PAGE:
Symptoms and Signs of Chronic Obstructive Pulmonary Disease (COPD)

Medical Author: John P. Cunha, DO, FACOEP
Medically Reviewed on 11/4/2021

Doctor's Notes on Chronic Obstructive Pulmonary Disease (COPD)

Chronic obstructive pulmonary disease (COPD) is a lung disease in which obstruction of the airways occurs and typically worsens over time, making it harder to breathe. Types of chronic obstructive pulmonary disease include chronic bronchitis, emphysema, and refractory (non-reversible) asthma. The most common cause of COPD is smoking. Other causes of COPD include secondhand smoke exposure, occupational exposures (for example, coal workers, welders, sensitized cotton and flour workers), untreated diseases that cause inflammation of the airways (for example, asthma), environmental exposures, and genetic conditions such as alpha-one antitrypsin deficiency.

Symptoms of chronic obstructive pulmonary disease (COPD) include

  • productive cough or chest cold (cough is usually worse in the morning and produces a small amount of colorless sputum),
  • shortness of breath,
  • wheezing, and
  • frequent colds or pneumonia.

As COPD progresses and worsens, symptoms include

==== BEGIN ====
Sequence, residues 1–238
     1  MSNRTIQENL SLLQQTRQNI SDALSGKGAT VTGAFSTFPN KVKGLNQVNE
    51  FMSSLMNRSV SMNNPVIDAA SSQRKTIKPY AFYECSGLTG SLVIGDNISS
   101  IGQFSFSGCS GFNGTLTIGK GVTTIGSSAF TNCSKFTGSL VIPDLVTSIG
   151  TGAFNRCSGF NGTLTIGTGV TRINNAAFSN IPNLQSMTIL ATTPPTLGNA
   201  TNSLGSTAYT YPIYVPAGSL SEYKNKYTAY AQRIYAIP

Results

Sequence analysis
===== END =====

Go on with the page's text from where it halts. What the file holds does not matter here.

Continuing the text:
• shorter intervals between acute periods of worsening shortness of breath,
  • discoloration of the skin (cyanosis) and right side heart failure,
  • loss of appetite, and
  • weight loss

What Is the Treatment for Chronic Obstructive Pulmonary Disease (COPD)?

COPD is a chronic disease and usually requires a lifetime of medical management. If you have COPD, some of the most important steps are to quit smoking and avoid others that do so. Mild improvement in symptoms can come just from quitting smoking. Also, quitting smoking can limit doing further damage to the lungs and making COPD progressively worse.

Your healthcare provider may also use the following treatment options:

  • Medications to treat symptoms
    • Inhalers
    • Corticosteroids
    • Oxygen
  • Pulmonary rehabilitation
    • Learning to breathe better
    • Breathing exercises
    • Lifestyle modifications to maximize breathing capacity
  • Prevention and treatment of lung infections

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REFERENCE:

Kasper, D.L., et al., eds. Harrison's Principles of Internal Medicine, 19th Ed. United States: McGraw-Hill Education, 2015.